Thе Communist Party of Australia

  • Просмотров 462
  • Скачиваний 6
  • Размер файла 58
    Кб

Essay from theme: The Communist Party of Australia It has been generally accepted that the events at the ninth annual conference of the Communist Party of Australia (CPA) in 1929, resulting in a change of leadership and the ousting of the “right-wing deviationists”, were a turning point in its history. The incidents which surrounded the 1929 conference, the characterisation of the leading players, the role of the Communist International (Comintern), and the estimation of its outcome have been variously interpreted but none doubt its significance. The period has been covered by a number of writers but the material recently made available by the Comintern Archives in Moscow may serve to illuminate the story further. One of the main issues discussed by those who have dealt

with this period has been the significance of the intervention by the Executive Committee of the Communist International (hereafter known as the ECCI) prior to and on the eve of the ninth conference. Opinions on this matter may be coloured by hindsight and one's own leanings. J.D. Blake has made the point that it is easy to use documented evidence to prove a certain case and filter out (albeit unconsciously) evidence which does not fit the pattern. In making judgments on the role of the Comintern and on its effect on the policies of the CPA this is particularly evident. The Comintern has been perceived as an alien organisation subversively interfering with Australian politics by some, and as an embodiment of working class international solidarity transcending national barriers by

others. Present day knowledge of Stalin's domination of the Comintern from 1929 can also distort our perceptions of the way it was seen then. In writing a history of the Communist Party, the position taken by Lance Sharkey, one of the central figures in opposition to the Kavanagh leadership, is that the ECCI intervention was vitally necessary in order to overcome what he considered to be the right-wing opportunism of the Central Committee Executive (CEC) if the CPA was to develop as an independent force. In this he is supported by Ernie Campbell in his analysis of the period. Jack Blake judges the differences between the antagonists as "not so fundamental as they were later made to appear" but sees the intervention by the ECCI as the factor which turned the scale in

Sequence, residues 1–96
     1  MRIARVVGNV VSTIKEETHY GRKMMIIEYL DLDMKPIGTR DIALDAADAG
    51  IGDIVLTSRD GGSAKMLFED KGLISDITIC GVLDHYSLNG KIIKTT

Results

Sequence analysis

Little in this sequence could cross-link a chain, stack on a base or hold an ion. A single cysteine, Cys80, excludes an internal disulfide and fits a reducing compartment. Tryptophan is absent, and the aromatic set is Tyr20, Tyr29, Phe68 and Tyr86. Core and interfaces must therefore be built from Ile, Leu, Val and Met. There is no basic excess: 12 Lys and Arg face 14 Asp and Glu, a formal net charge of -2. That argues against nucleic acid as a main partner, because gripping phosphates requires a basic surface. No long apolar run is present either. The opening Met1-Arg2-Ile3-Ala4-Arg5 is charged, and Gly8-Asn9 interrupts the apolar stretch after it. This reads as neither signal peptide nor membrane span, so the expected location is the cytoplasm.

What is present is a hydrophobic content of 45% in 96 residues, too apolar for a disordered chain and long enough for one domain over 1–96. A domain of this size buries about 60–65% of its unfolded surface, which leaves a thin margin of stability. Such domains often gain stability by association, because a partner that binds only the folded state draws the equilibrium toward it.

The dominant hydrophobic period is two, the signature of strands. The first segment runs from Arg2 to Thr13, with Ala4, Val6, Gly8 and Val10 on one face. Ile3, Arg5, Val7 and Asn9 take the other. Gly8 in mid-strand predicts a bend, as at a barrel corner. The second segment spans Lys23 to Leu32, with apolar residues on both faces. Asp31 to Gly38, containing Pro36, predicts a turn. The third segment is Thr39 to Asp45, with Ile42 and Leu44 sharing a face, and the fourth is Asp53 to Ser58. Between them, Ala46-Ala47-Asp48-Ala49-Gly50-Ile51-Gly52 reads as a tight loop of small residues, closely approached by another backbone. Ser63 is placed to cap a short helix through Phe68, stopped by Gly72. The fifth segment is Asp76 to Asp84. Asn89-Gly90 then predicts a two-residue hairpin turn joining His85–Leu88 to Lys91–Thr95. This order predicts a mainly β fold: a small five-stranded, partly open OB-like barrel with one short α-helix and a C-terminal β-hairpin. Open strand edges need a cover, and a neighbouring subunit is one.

favour of the opposition “at least at the top”. Alastair Davidson's view is that the opposition gained the ascendancy over the leadership as a result of support gained by appeals to both the ECCI and the rank and file resulting in the defeat of the leadership at the ninth conference. Tom O'Lincoln asserts that with Soviet backing the opposition's victory was assured, while Peter Morrison rejects the view that the CPA was a tool of the Comintern. He states that the defeat of the Kavanagh leadership at the conference was a direct result of the experience of the CPA in Australia with the Sydney-based national leadership finding itself out of step with its state constituents. The ECCI was merely “a pawn” in the game. In reviewing the role played by the ECCI in the 1929 events

it is also important to note that the nature of the relationship between the Comintern and the CPA changed over time. Following the recognition of the CPA in August 1922 as the affiliate of the Communist International (Cl), contact was for several years via the colonial department of the British section, and by 1928 through the secretariat of the CI's Anglo-American Section. These early years were difficult ones for the new party. After the poor showing in the 1925 NSW state elections Guido Baracchi, editor of The Communist, had (unsuccessfully) proposed the liquidation of the CPA. In 1926 Jock Garden, secretary of the NSW Labor Council, left the party also believing the CPA had no future. Both Barrachi and Garden were formally expelled by the CPA at its sixth annual conference